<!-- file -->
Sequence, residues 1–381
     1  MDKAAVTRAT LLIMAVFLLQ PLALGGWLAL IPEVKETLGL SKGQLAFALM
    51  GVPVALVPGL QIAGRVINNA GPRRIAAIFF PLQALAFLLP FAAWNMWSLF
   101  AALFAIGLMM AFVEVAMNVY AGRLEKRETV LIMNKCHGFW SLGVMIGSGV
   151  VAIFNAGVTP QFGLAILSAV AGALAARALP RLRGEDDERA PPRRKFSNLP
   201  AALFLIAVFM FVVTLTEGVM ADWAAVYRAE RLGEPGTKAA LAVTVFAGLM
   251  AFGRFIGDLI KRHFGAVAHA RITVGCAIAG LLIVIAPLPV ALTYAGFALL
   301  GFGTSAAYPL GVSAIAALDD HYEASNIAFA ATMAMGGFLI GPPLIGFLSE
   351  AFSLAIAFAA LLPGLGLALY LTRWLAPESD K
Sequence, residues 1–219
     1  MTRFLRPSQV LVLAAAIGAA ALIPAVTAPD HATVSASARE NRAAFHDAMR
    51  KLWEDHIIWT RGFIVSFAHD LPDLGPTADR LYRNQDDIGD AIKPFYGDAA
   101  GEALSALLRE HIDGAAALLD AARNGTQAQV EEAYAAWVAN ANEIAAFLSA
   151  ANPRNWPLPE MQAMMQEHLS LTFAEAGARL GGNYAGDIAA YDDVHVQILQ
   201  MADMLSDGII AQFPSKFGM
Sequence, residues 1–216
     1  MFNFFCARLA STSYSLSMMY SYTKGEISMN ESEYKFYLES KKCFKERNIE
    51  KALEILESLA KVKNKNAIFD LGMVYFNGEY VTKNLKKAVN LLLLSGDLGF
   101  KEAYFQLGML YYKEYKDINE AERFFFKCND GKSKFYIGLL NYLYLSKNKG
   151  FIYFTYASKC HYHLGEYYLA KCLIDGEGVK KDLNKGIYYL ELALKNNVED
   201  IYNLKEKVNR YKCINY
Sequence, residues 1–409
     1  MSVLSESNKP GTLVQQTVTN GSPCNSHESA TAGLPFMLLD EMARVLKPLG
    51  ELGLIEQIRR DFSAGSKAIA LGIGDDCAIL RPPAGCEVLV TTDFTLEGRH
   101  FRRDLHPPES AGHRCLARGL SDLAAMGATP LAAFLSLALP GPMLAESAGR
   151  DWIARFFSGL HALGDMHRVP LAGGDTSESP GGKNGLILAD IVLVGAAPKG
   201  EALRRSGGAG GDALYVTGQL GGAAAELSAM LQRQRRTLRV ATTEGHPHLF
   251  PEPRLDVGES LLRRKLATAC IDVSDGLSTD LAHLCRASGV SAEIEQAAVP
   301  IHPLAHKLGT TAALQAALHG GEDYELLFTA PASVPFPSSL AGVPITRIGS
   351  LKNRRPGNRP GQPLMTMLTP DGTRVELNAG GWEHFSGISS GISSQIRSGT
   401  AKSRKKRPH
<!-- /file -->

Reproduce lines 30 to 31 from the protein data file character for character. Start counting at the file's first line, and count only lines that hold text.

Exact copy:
   351  LKNRRPGNRP GQPLMTMLTP DGTRVELNAG GWEHFSGISS GISSQIRSGT
   401  AKSRKKRPH